NYU Black Renaissance Noire Fall 2015 Volume 15.2 - Page 139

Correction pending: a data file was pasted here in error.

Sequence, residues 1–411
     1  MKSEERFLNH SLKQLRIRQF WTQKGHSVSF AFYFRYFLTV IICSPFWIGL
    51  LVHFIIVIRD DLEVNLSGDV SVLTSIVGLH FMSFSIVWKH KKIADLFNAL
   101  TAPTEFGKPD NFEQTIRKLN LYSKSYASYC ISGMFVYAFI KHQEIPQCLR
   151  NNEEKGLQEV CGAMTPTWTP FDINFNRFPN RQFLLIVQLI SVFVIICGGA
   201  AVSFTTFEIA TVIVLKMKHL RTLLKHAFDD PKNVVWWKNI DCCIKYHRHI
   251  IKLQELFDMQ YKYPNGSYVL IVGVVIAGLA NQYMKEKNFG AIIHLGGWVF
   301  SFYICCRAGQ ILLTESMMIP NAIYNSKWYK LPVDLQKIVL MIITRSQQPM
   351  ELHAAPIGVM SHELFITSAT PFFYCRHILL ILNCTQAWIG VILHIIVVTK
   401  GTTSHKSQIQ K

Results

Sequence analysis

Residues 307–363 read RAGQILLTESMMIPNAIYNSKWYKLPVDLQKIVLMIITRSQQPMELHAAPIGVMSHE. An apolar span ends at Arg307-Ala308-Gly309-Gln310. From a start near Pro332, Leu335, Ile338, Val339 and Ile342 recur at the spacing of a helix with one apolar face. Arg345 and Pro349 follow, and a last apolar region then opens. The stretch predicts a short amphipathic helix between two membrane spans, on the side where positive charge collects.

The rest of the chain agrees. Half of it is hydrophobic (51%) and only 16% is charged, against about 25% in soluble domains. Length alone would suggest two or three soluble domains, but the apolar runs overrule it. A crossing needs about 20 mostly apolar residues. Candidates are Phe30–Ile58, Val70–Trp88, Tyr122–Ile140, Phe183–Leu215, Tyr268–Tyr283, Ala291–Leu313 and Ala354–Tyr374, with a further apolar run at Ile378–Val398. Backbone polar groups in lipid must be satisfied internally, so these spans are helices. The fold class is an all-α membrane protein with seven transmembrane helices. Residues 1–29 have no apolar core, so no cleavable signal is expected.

It sometimes took until midnight until everybody had read their inspired work. Sonora McKellar was a sassy sister who was always sipping on a shortdog of Italian Swiss Colony dark port. She was a savvy senior citizen who did not hesitate to let you know her opinion, especially when she was pissed off. The words came out of her mouth with great force along with copious amounts of alcohol infused spit. Working her jaws interminably, Sonora was angry about the way the stream of money that flowed into the workshop was being misused or ripped off. Although he had a weight problem, Harry Dolan, the rotund director of the Frederick Douglass Watts Writers Workshop, managed to overcome the pull of gravity as he slowly stood up to address the angry tirade of Sonora. Harry wiped the sweat from his forehead with the immaculate handkerchief his comely and charming wife, Claire, put in the pocket of his sharkskin blazer every morning. He told the pouting old woman, “Sonora, the tremendous amounts of cash you are jaw jacking about really is a product of your imagination.” As he twirled a fat cigar between his thumb and forefinger Harry continued to speak, “I will account for every cent spent.” It was obvious Harry intended to launch a long winded, tedious explanation, but before he took off, the nervous, trembling and stammering voice of Budd Schulberg interrupted the cacophonous exchange, saying, “Har- har- harry I-I-I-I thi-thi-thi-think we-we-we can-can-deal with bus-busbusiness mat-mat-matters lat-lat-later; now it’s-it’s-it’s ti- time for -for the-the wri- writers.” Harry sat down and began talking to the dude sitting next to him, who was Bob Hill, a debonair brother from Detroit who heard about the workshop and came to Watts to apply his considerable business expertise. Bob was always dressed in a suit and tie; he wore pinstripe shirts and had a neatly trimmed mustache. A bright hustler, Bob had, in a very short time, made himself very useful around the Workshop; he was, in fact, Harry’s de facto right hand man. He, and Ted Simmons, were the only white men. BLACK RENAISSANCE NOIRE “Yesterday I will be born, Tomorrow I died” was the first line of a poem Leumas Sirrah uttered one evening; he was a kid from the Jordan Downs Projects and turned heads whenever he had something to say. I remember the way he entered places was very weird and he refused to walk on the sidewalk. He was like a big rabbit; he used to jump from the roof of a house to the roof of the neighboring house. When we heard footsteps on the roof over our heads, we knew he was about to enter the workshop through a side window. He didn’t like using doors. 137 The famous writer from Hollywood, Budd Schulberg, kept the ship on course, so to speak, as both founder and moderator of the workshop. He enlisted Ted Simmons, a veteran poet from Hermosa Beach to supervise the poetry section of the workshop. Every Wednesday night, after the general discussion, the workshop divided into two different groups. To a casual observer it looked like the young folks were separating themselves from the old folks. The group with more elders in it, supervised by Budd, consisted of authors of essays, short stories, and novels. These were people who had enough self-control to sit and write for long stretches. Working on a story is time consuming and requires a lot of patience, stamina, and, most of all, will power; young folks simply will not sit around for long stretches of time staring at blank sheets of white paper until ideas rush out like water and fill up the empty spaces on a piece of paper. Patience ain’t the virtue of youth. Budd ended up moderating a circle of prose writers who were, by and large, elders like Birdell Chew, writing about her one eyed pig, or Louise Meriwether, author of Daddy was a Number Runner. While Budd mentored the more mature members of the workshop, the younger, more militant members were in the rear of the house, writing poetry under the kind, owl eyed supervision of Ted Simmons. He drove his little sports car to Watts every Wednesday after sunset where few white men, other than police, would dare to set foot. Ted took the time to elucidate the more subtle qualities of our poems. Metaphorically, in his own words, Ted inspired the young wild-eyed poets to “grab a chandelier, and swing out into the wide possibilities of the night.”